With last year’s successful involvement in the Ontario government’s “Speak Up: You are the Student Voice” program, St. Francis School is aiming for even more provincial funding for student-led initiatives this year.
Students are submitting two proposals to the province, explained St. Francis teacher Colette Fafard, but plan to run the programs even if funding doesn’t come through.
Last year, St. Francis received almost $2,000 through the “Speak Up” program—a “great experience” for students, Fafard said.
“It made the kids feel proud of themselves as they submitted the proposal and they got accepted, and I think it sort of gave them that validation about what we were doing,” she added.
Fafard also noted that St. Francis student Sydney McLeod was selected to be part of the “Student Voice” workshops along with dozens of other students from across the province.
While last year’s “Speak Up” project was about inclusiveness and team-building, one of the two programs this year will focus on health and the environment, said St. Francis teacher Lisa George.
It is called “Healthy student, healthy school, healthy world.”
“Every project the student council basically does this year, we’re going to try and incorporate the physical activity, the healthy eating, the whole environmental aspect of it,” noted Fafard.
“How can we do this in a way that’s healthier for our world, and actually getting them to think about it?”
This includes starting up a healthy canteen for hot lunches—from which any proceeds will go towards building an orphanage in Kenya, a project which St. Mary’s Church here currently is fundraising for, George explained.
“We’re going to promote physical activity in the school, with healthy living,” George said, noting this will include classroom competitions for such things as laps and push-ups, and the return of the winter carnival.
“We were kind of thinking that maybe we’d do a school-wide flash mob dance, kind of like [on] Oprah.
“We don’t know how that will go,” George laughed.
The students who are helping to organize the activities recognize there are kids in the school who don’t normally want to participate in gym, or aren’t a part of sports teams.
“So with these activities, if we make it more of a fun thing, not something that you have to do, they’ll be more encouraged to participate in healthy activities,” George reasoned.
Students also have started planning environmental activities, such as smaller and more frequent “Earth hours,” selling reusable water bottles, litter-less lunches, and a school compost program.
Meanwhile, the second proposal the students have submitted for a “Speak Up” grant will be for monthly “Spirit Days.”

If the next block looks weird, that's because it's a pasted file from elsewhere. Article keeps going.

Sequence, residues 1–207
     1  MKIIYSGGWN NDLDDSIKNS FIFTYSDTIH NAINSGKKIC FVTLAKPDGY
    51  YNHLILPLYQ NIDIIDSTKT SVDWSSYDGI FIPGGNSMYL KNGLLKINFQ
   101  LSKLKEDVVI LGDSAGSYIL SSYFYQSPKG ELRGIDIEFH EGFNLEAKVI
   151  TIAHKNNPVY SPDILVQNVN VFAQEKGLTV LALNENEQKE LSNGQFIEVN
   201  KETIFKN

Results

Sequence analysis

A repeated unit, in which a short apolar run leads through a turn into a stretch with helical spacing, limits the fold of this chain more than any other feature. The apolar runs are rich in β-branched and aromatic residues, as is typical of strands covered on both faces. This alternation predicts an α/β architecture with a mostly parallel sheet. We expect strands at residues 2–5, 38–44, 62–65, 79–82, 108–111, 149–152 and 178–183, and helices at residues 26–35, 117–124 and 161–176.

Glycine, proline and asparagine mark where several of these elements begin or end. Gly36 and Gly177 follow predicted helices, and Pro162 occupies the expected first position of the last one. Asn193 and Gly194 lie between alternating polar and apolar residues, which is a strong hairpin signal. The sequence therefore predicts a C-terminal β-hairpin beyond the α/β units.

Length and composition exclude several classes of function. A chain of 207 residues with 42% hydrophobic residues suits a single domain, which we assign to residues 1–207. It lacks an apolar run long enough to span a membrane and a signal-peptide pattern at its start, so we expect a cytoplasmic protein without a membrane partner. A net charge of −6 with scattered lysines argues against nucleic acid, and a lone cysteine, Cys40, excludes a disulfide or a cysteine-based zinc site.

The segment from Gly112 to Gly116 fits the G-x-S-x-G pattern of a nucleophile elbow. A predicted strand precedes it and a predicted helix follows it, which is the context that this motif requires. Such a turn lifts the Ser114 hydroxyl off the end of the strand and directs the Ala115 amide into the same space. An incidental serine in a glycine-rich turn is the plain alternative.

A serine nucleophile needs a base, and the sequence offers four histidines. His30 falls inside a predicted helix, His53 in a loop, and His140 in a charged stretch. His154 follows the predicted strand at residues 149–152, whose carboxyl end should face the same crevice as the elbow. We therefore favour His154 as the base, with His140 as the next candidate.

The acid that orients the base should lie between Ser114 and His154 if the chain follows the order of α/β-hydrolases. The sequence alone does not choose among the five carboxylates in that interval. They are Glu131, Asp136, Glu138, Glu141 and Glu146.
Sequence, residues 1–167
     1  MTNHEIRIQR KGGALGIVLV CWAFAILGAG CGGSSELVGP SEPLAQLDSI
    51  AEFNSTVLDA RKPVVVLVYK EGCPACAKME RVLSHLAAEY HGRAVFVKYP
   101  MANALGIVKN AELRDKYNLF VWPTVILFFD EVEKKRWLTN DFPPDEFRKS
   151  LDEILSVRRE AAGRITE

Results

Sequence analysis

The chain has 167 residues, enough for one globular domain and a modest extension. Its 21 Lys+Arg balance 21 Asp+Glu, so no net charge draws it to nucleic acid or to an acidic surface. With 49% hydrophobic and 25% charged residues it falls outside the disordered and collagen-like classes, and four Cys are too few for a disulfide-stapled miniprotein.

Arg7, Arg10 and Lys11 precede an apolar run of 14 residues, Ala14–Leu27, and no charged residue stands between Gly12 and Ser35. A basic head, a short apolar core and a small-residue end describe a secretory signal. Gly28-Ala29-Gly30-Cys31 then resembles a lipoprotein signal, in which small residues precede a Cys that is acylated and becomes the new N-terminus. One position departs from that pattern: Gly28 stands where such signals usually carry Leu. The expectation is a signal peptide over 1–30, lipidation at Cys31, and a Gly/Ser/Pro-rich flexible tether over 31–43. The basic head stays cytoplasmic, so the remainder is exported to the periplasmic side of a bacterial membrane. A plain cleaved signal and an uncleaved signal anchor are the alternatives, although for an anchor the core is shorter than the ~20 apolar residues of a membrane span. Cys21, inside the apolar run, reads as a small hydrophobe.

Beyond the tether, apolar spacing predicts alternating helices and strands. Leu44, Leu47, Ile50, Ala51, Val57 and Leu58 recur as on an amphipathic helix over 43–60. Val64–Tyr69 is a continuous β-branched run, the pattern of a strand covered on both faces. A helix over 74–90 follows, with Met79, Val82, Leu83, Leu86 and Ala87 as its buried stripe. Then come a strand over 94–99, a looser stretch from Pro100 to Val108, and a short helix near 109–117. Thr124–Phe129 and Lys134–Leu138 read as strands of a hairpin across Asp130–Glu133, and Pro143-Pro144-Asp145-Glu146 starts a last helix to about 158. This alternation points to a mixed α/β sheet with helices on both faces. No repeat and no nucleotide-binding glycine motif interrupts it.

“It’s designed to promote Catholic school spirit in our school, and it involves all 240 students,” said St. Francis teacher Solange Busch.
Four students will be leading the “Spirit Days,” she explained, with each day to be centered around the character traits being promoted by the local board (October’s was “courage” and November’s was “peace”).
The activities help create a positive school environment, provide younger students with role models, and also ensure all students are involved, Busch noted, adding the days also mean “that the students could be proud of the fact that we are a Catholic school and of all the things that we stand for.”
Busch said when students come up with the activities, she thinks they’re received better by all the kids in the school.
“The whole point of this ‘Speak Up’ initiative is to give students a voice, and that’s what we’re really focusing on.”
And it’s this student voice that led to the push for a “greener” focus on activities with the one proposal.
After “Earth Hour” last March, which saw the school turn off as much energy-using equipment as it could for an hour, students started asking for more environmental activities, Fafard noted.
“There were kids who said, ‘Well, how come we don’t do this more often? It’s so important to do, so why don’t we do it more often?’” she recalled, adding it also led students to talk about how to boost physical activity.
A survey of the students also showed there were many who wanted an environmental club in the school, George said, so they decided to incorporate environmentalism into what the student council is doing.
“It will include everybody in the school, and healthy students will learn better, be able to do exceptional things in their life,” George enthused about the projects.
“A healthy school will be an inspiration to families, community, and a healthy world ensures that students will have a place to live and excel for the future,” she remarked.